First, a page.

There are three storyline going on in the NBA currently that do some damage to our tried and true notions of what it means to be the best player or the best team. Two of these narratives collided head-on last night when the Miami Heat roundly trounced the Los Angeles Lakers. On one side we had the Dwyane Wade-less Heat who have gone 5-0 since losing their star SG and on the other we have Kobe Bryant and the torn lunotriquetral ligament in his wrist. In spite of the injury, Kobe’s hoisting more shots per game (24.6) than at any other time in his career, save for the ’05-’06 season when he averaged 27.2 per game. The Lakers are 10-6 now, but it hasn’t been pretty.
I can’t sum up what the Heat’s 5-0 streak mean any better than Matt Moore over at CBS Sports already did, but what struck me about his post was the idea that while LeBron James is a better LeBron James without Wade on the floor, that might not be the best thing in the long run. “His mind is set free,” writes Moore, “his game has the shackles removed and he’s allowed to roam and own a game in the way he was created to do. But that’s the funny thing: LeBron might not ever have won a championship being the clear, indisputable best player in basketball.”
Determining the best player in basketball is a pastime beloved of sports fans, and we usually see it as inextricably linked to winning championships. After all, Michael Jordan was the best player in basketball while the Bulls were winning championships, right? James is constantly attacked for not being clutch or not being as good as Kobe, but the Heat’s victory last night made something clear: LeBron unleashed is a world destroyer. As Moore points out, the Heat without Wade are a better team than the Cavs ever were when LeBron was in Cleveland. Before the game, Twitter was aflutter with people saying James would sit because he was scared of Kobe. In imagining the most harmless James they could, it looks like those Lakers fans summoned the Stay-Puft Marshmallow Man.
And Kobe just kept chucking in a manner you could call either heroic or stubborn. Today came word that Bryant has been talking to Dwight Howard about getting Howard to the Lakers, but the report also included the tidbit that Howard got the impression from Bryant that “he wouldn’t be the Lakers’ top offensive option, that it was in fact Bryant’s team.” There’s little doubt that no matter his injuries, no matter what it does to the team, Bryant is just not going to go gently into that good night.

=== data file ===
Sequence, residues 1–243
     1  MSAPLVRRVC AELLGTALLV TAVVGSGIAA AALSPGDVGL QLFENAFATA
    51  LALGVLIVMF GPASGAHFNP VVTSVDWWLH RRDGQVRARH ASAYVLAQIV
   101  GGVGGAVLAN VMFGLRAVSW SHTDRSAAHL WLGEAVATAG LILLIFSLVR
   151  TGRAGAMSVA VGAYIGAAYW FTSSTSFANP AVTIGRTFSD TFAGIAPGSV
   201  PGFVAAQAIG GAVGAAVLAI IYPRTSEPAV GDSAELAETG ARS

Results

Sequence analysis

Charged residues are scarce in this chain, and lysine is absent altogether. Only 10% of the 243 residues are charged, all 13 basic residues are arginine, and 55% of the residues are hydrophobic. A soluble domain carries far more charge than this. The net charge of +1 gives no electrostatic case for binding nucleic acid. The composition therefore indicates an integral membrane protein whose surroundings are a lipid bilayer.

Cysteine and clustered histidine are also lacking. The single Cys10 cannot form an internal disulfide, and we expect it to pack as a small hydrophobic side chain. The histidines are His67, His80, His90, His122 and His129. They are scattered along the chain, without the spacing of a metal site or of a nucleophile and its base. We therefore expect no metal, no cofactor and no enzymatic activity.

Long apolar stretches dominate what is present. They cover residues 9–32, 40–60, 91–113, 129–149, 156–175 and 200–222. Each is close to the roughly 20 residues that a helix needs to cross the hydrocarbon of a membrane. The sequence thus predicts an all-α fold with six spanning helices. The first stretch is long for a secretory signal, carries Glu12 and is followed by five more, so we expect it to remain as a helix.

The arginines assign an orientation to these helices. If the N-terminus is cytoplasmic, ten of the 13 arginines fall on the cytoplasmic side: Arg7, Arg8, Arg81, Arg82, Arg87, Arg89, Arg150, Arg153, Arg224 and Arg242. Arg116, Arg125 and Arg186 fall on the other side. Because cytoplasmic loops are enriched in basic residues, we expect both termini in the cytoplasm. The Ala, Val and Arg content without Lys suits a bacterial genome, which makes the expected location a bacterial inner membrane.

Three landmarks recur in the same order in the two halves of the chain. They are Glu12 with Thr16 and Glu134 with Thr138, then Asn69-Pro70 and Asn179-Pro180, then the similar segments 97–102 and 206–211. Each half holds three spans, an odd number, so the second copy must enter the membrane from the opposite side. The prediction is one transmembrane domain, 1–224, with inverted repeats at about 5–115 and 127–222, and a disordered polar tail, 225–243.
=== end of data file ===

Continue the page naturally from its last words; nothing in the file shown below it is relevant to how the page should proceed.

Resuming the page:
So one side we have the superstar reining himself in in pursuit of a championship he might not be able to win playing all out and on the other, we have a superstar insisting that there is no way to win other than having the ball go through him. The third storyline here has to do with Michael Beasley and how the Timberwolves have played in his absence. Prior to the sprained foot that’s kept him out of the lineup, the Wolves were 2-5. Since, they’re 4-3. Now, a lot of things have happened since then, including Rubio being moved to the starting lineup, so I’m not saying correlation equals causation here.
But it’s plain that without Beasley, there’s been more ball movement and fewer contested midrange jumpers. OK, maybe not fewer teamwide, but fewer after a flurry of jab steps and head fakes from the left elbow. Last year, when Beasley was on his game, it felt like he was Minnesota’s best offensive option, the one guy who could at least sort of create his own shot when the game was on the line. And there are times during his absence this year that the Wolves have missed that element from the offense. But we’ve also seen Rubio, Love, and even Ridnour and Ellington step up their offense during this time. Like Beasley’s cut finger revealed his bone (not really, but there’s no reason not to link to that clip), his ankle sprain may be revealing something about the Timberwolves.
Beasley’s ceiling as a player is unmistakably lower than James’ or Bryant’s. But there’s reason to hope that when he does come back, the team will have evolved into a unit that opens up the floor more for his particular game. In the same way that Wade’s injury has both revealed how spectacularly good James is and how important a roster with more balance will be in the long run, Beasley’s injury may be helping the Timberwolves turn into a team that will fit him better when he returns. Bryant’s refusal to change his approach to fit the team the Lakers will become may not be hurting them badly now but it seems, ultimately, an approach doomed to fail.